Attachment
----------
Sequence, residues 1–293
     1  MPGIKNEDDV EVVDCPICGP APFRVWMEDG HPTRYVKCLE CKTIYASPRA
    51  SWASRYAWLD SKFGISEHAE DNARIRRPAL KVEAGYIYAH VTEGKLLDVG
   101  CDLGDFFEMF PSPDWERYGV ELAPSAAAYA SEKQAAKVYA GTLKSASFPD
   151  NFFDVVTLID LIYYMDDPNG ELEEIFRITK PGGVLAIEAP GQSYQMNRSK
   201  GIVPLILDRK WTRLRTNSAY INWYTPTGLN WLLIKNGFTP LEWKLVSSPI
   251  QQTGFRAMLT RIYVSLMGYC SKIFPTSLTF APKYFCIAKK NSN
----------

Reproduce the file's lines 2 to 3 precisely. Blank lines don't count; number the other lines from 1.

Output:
     1  MPGIKNEDDV EVVDCPICGP APFRVWMEDG HPTRYVKCLE CKTIYASPRA
    51  SWASRYAWLD SKFGISEHAE DNARIRRPAL KVEAGYIYAH VTEGKLLDVG